We compared gender disparities in later-life memory, overall and by education, in India and the United States (US).
Data (N = 7443) were from harmonized cognitive assessment protocols (HCAPs) in the Longitudinal Aging Study of India-Diagnostic Assessment of Dementia (LASI-DAD; N = 4096; 2017-19) and US Health and Retirement Study HCAP (HRS-HCAP; N = 3347; 2016-17). We derived harmonized memory factors from each study using confirmatory factor analysis. We used multivariable-adjusted linear regression to compare gender disparities in memory function between countries, overall and by education.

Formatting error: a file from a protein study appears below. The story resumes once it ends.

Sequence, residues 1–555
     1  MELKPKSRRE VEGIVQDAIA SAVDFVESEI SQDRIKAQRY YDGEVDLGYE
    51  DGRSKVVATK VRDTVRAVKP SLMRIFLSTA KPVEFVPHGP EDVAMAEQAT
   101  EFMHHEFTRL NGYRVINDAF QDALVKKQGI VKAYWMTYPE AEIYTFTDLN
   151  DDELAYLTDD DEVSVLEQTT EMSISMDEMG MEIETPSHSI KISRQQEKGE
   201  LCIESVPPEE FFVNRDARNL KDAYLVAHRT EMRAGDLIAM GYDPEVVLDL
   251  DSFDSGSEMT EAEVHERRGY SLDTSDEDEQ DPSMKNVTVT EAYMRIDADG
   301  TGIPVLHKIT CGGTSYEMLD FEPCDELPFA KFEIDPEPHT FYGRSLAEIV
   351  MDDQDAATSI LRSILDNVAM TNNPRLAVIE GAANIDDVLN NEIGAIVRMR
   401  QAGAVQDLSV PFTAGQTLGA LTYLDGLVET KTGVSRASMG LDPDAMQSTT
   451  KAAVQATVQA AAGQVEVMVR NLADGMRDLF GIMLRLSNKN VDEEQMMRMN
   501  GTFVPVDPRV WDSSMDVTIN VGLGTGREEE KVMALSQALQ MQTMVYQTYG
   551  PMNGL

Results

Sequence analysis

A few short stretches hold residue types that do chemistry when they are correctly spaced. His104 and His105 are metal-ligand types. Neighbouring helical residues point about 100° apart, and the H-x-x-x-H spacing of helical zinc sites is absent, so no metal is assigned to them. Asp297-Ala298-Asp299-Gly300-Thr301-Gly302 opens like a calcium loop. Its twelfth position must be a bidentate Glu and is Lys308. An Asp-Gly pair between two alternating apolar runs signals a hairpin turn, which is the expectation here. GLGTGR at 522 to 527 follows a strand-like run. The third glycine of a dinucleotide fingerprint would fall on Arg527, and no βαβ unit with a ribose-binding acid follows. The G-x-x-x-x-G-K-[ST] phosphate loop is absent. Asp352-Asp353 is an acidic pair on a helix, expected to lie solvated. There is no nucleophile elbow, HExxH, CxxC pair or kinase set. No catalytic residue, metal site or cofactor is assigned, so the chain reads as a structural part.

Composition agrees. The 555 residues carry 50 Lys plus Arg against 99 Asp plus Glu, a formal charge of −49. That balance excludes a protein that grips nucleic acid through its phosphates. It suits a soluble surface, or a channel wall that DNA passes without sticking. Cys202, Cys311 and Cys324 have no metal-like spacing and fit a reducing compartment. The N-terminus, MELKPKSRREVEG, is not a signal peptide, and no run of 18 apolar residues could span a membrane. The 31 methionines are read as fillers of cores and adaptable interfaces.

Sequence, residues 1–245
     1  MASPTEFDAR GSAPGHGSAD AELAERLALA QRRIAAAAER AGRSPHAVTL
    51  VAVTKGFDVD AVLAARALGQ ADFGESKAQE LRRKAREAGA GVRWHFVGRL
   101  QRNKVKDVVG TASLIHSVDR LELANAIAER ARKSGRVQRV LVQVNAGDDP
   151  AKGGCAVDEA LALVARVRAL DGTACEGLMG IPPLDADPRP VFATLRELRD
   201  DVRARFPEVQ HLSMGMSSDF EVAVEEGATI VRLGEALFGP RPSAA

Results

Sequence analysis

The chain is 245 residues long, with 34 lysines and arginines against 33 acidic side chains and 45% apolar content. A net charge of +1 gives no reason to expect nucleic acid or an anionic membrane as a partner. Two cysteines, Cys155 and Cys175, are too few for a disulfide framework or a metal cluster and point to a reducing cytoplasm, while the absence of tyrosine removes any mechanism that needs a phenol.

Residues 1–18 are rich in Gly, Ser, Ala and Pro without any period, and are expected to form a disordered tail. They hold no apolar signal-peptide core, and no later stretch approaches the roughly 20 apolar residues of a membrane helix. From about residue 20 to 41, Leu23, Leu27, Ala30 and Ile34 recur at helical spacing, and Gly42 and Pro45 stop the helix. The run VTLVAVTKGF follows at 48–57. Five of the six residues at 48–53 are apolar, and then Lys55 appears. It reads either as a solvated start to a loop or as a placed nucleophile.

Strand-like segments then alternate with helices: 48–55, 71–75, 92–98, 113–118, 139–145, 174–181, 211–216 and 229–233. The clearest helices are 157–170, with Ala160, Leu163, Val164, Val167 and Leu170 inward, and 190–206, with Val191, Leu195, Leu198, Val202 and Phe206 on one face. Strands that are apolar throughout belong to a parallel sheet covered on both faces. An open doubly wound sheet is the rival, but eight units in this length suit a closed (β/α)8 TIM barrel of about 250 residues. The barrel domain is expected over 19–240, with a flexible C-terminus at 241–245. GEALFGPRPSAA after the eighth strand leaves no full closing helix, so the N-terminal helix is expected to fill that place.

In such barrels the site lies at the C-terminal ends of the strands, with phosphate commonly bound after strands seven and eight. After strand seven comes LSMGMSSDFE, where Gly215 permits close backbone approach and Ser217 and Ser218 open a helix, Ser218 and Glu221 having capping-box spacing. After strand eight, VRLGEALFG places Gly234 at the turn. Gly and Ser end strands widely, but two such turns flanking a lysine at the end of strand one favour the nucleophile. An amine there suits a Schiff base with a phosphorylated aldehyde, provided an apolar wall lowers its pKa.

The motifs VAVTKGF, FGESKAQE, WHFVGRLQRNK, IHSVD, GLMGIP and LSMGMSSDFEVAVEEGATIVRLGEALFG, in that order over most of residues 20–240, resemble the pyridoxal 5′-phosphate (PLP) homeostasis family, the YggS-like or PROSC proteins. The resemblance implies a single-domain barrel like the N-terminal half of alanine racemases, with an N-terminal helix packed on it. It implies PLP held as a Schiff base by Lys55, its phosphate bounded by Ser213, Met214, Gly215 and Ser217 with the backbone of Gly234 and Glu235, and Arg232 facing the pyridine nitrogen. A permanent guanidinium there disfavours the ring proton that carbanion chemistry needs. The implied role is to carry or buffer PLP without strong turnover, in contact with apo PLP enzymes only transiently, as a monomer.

In the United States, older women had better memory than older men (0.28 SD-unit difference; 95% CI: 0.22, 0.35). In India, older women had worse memory than older men (−0.15 SD-unit difference; 95% CI: −0.20, −0.10), which attenuated with increasing education and literacy.
We observed gender disparities in memory in India that were not present in the United States, and which dissipated with education and literacy.
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This post is Copyright: Ashly C. Westrick,
Alden L. Gross,
Jet M. J. Vonk,
Laura B. Zahodne,
Lindsay C. Kobayashi | July 25, 2023